Wednesday, January 2, 2013
In the wake of a violent New Year's holiday weekend, Spokane Police Chief Frank Straub today called for increased community responsibility in partnership with new policing strategies focused on undermining violent crime.
With investigators working multiple shootings and one robbery involving an ax, Straub says the recent uptick in violent crime is "unacceptable." The chief counted seven homicides citywide in the past month, matching seven homicides in the previous 11 months of 2012.
"We're not happy with the increase in homicides," he says.
Spokane police officers responded to two separate shootings in North Spokane overnight on New Year's Eve. One person was killed and two others were wounded. Detectives continue to investigate a recent drive-by shooting along with a fatal handgun discharge at a party that killed a 20-year-old woman last week.
Department records show last year's 14 homicides far outpaced the four homicides in 2011, which was below average. Records show seven homicides in 2010 and eight homicides in 2009.
"It's indicative of several problems," he says. "It's gang activity and there's some level of drug activity."
Straub, who took over the department last fall, says his recently released 2013 Strategic Plan will focus resources on identifying criminal hotspots and targeting people responsible for driving violent crime. He says the department plans to partner with federal agencies and code enforcement to crack down on gang activity.
"Anybody who's participating in a gang in Spokane needs to know we're coming after them and we're coming after them with a vengeance," he says. "We will not tolerate gang-related crime of any sort."
The chief also called on the public to report neighborhood disturbances, quoting the popular "If you see something, say something" slogan. He encouraged citizens to call the police if they notice large disputes breaking out or see dangerous behavior. He says some recent incidents have escalated from arguments to shootings very quickly.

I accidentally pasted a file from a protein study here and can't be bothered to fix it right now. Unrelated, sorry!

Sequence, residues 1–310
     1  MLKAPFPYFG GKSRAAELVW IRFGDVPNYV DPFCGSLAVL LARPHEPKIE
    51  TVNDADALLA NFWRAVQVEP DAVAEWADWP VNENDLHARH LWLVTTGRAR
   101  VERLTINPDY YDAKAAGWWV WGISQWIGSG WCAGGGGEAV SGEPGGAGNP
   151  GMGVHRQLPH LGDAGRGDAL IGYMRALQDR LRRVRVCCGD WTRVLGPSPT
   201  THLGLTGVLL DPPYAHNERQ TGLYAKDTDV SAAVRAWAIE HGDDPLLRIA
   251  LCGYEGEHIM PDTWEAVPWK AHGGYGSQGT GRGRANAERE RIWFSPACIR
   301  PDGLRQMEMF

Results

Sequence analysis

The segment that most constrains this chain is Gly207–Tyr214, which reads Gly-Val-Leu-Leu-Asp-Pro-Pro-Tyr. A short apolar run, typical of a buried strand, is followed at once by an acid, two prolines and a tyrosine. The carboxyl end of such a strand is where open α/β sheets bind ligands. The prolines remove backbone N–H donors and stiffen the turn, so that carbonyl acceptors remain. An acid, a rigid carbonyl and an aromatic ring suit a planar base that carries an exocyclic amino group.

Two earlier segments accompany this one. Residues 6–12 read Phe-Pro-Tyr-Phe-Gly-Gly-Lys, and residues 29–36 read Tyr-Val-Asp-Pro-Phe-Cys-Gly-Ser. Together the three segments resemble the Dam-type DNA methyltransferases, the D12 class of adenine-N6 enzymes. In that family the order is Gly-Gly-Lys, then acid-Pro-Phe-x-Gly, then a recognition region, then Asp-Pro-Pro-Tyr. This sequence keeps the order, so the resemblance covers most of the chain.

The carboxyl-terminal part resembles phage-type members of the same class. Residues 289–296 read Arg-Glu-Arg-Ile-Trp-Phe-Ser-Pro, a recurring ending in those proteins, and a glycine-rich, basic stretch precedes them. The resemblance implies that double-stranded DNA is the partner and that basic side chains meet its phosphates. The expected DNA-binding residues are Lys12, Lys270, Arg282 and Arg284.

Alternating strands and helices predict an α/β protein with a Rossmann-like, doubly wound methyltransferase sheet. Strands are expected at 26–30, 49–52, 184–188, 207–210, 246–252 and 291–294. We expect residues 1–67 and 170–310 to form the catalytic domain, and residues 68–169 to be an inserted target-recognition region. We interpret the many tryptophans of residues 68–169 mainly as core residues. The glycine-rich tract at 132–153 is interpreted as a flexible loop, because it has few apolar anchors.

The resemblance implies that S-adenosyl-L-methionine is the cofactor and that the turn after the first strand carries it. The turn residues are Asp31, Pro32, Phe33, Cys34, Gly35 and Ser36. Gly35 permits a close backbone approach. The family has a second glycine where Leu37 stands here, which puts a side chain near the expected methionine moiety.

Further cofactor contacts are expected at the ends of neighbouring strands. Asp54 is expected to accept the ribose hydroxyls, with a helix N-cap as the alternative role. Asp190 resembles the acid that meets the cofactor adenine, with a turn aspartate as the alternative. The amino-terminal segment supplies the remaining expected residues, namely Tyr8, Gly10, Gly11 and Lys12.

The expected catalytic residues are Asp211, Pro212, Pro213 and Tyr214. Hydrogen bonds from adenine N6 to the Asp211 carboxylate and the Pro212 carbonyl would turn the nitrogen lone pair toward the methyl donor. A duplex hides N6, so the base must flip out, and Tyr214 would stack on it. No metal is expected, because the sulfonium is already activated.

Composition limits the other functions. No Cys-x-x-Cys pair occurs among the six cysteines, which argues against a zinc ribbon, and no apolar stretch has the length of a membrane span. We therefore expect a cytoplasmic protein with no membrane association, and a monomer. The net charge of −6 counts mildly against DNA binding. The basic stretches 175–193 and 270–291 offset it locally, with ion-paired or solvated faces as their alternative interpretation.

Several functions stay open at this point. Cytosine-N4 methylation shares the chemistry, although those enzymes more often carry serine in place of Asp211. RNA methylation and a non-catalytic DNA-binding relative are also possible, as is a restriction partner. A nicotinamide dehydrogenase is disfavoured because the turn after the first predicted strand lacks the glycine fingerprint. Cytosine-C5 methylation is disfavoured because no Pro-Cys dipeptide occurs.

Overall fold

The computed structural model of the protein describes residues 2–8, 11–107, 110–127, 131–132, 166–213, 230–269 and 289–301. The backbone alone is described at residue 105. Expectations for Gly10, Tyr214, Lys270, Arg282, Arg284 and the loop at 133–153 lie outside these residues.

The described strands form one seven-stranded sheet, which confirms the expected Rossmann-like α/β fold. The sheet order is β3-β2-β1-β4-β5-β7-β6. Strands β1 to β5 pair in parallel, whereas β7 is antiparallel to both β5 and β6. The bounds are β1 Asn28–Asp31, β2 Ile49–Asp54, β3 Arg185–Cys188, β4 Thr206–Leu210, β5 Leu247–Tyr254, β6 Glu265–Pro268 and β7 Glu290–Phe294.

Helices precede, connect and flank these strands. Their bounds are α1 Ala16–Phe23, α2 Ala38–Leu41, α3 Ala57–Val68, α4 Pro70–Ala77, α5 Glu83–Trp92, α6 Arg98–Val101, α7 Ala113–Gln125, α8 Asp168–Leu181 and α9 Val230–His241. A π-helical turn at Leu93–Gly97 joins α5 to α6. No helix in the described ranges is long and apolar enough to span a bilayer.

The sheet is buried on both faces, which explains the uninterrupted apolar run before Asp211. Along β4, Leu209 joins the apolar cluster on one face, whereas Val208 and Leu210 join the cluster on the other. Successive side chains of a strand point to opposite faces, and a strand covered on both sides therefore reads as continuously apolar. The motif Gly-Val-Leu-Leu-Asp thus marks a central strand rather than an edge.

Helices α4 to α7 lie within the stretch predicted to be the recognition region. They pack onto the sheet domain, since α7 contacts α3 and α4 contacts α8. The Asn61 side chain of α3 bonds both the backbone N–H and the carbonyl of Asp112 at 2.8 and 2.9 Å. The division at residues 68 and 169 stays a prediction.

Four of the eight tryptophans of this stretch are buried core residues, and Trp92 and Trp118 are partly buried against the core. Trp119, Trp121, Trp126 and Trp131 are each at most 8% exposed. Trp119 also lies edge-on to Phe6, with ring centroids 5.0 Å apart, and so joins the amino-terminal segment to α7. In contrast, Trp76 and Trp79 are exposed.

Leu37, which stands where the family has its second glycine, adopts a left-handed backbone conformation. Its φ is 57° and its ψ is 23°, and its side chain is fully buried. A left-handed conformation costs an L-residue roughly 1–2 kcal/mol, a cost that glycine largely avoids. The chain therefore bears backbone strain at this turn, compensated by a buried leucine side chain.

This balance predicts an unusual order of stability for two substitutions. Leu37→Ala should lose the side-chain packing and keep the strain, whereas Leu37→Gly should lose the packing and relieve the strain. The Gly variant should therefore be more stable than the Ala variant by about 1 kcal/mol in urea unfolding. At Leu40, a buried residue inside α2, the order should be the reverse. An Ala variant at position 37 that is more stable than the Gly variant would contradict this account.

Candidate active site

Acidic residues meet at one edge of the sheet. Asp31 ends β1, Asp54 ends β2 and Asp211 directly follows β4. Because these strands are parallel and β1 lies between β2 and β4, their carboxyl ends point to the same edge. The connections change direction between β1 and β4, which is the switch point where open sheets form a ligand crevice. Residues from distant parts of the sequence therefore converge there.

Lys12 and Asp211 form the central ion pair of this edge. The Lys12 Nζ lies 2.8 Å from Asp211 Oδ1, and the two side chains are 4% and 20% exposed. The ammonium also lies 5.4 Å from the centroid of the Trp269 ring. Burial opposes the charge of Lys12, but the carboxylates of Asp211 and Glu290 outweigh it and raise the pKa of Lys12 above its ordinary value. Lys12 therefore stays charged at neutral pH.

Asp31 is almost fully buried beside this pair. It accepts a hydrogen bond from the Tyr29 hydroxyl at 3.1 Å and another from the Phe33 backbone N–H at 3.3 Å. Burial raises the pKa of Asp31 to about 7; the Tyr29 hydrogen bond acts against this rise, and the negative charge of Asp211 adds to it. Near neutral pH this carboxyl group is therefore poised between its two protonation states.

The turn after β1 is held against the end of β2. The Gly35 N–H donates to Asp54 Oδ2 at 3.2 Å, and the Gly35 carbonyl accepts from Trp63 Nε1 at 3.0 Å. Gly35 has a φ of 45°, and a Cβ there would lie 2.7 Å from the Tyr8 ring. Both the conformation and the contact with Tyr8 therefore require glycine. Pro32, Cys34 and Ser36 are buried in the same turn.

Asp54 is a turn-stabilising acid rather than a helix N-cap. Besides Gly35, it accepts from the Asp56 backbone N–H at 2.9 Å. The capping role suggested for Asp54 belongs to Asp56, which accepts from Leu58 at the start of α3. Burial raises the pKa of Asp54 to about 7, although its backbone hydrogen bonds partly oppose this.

"Not just here, but nationally we're settling too many disputes by shooting each other and we're killing ourselves," Straub says. "I think it's a serious problem. … If you go to a party and someone has a gun — go home."
In the wake of the killings, Straub says reducing gun crime should be part of a larger national conversation about personal responsibility and public safety. He says the country has to re-evaluate its morals to confront the roots of violence.
"I think it's a scary statement about where we are as a nation," Straub says. "We settle arguments now by going from zero to 100. We take out a gun and shoot people. That's unacceptable behavior."
Despite the recent increases in violence and property crimes, Straub remains optimistic new community policing strategies, improved crime tracking and neighborhood cooperation will help stem homicides and other crimes in the coming year.
"You're going to see Spokane be one of the safest mid-sized cities in the United States," he says. "That's my commitment to the community. … We're not going to tolerate another weekend like this."